It’s not exactly the red carpet. It’s not even one of those cool, alternative blue carpets. It’s kind of a dingy beige, actually, and it’s probably in your basement. Smashwords, the e-book self-publishing alternative to Amazon KDP, has introduced a new feature that lets authors interview themselves and publish the result on the Smashwords website. All you do is write your own questions, answer your own questions, and pretend that posting it with someone else’s URL lends it any sort of value or credibility to your platform.
“The secret to creating a great Smashwords Interview is to ask yourself questions that prompt honest answers that address what readers would want to know about you (even if they don’t yet know they want to know it), and what you want readers to know about you,” the website says. Just be sure to get yourself drunk first and light some candles so you can really put it all out there when you suggest playing truth-or-dare.
Don’t get me wrong. Interviews are a fantastic way to tell others more about yourself and get some publicity. But traditionally, someone else has got to ask you the questions. Otherwise, it’s just a blog post, isn’t it? Self-interviews are a lot like reviewing your own book, or paying for a five-star review from a service that just cranks out cheery thumbs-ups for cash. This service is everything that’s bad about the self-publishing market: it muddies the authenticity and integrity of your platform and tries to bring the bar down to the lowest level, not raise it up to produce high quality results.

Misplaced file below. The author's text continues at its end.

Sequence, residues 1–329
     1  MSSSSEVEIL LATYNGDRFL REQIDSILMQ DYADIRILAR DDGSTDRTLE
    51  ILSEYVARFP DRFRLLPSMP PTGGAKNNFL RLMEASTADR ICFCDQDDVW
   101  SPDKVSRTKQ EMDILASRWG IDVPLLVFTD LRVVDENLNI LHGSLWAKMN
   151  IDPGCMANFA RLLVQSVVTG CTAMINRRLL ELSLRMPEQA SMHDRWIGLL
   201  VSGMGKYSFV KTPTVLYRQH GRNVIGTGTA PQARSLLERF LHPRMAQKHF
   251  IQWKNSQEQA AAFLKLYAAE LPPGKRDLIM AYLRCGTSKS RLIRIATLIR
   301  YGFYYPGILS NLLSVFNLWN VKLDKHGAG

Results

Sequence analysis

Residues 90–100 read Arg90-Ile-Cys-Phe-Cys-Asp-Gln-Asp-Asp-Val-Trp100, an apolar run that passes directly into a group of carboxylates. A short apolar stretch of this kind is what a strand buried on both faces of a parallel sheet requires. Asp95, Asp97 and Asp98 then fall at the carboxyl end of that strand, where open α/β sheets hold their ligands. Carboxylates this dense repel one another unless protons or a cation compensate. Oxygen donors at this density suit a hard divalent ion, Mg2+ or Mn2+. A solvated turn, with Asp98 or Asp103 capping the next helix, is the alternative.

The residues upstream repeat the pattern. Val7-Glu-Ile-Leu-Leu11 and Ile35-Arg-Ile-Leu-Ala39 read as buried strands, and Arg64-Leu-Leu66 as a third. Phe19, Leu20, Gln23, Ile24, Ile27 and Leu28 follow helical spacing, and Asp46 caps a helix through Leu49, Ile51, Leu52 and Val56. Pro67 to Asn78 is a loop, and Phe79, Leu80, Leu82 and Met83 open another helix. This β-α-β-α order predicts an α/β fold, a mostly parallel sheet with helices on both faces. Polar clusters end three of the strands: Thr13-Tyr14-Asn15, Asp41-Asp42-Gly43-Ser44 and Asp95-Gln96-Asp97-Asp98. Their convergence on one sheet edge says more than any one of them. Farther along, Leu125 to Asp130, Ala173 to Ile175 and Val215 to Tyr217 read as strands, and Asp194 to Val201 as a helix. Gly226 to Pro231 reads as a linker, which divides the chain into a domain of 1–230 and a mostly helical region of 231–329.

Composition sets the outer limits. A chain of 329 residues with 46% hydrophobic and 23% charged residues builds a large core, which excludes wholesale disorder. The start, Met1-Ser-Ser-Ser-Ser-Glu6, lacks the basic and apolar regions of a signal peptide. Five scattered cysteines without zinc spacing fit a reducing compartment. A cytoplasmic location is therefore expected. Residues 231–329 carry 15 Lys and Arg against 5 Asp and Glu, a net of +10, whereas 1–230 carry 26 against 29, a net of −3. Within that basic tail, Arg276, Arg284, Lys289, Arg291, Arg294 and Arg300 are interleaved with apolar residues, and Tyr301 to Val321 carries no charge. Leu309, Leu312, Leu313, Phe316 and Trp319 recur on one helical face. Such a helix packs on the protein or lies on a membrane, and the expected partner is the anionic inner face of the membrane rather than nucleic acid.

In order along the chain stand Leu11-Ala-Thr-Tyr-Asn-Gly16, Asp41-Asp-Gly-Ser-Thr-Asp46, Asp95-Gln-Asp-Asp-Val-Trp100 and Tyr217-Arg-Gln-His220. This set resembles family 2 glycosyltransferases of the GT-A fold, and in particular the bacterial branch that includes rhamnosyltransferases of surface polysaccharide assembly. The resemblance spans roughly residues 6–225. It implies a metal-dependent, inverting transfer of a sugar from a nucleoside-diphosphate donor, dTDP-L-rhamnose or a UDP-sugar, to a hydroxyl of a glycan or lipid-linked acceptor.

I normally really like Smashwords. They’re quick and easy to use, and they distribute your book in a billion different formats with the touch of a button. I haven’t gotten a lot of traction through them because I’ve been focusing my efforts elsewhere, but I don’t think this detracts from the highlights of their service.
However, I just can’t get behind this, both as a journalist and as a proponent of self-publishing being more than an exercise in vanity. When I interview someone for my day job, it’s because they’re an expert on a certain topic and I’m not. I’m singling them out and paying them a compliment about the strength of their knowledge and its interest to my audience. When a book blogger asks you to appear on their site, they’re trusting their brand to you in a way that’s flattering, powerful, and shouldn’t be abused. Smashwords is trying to turn that exclusivity into an everyday commodity, and I think that’s bad marketing for everyone involved.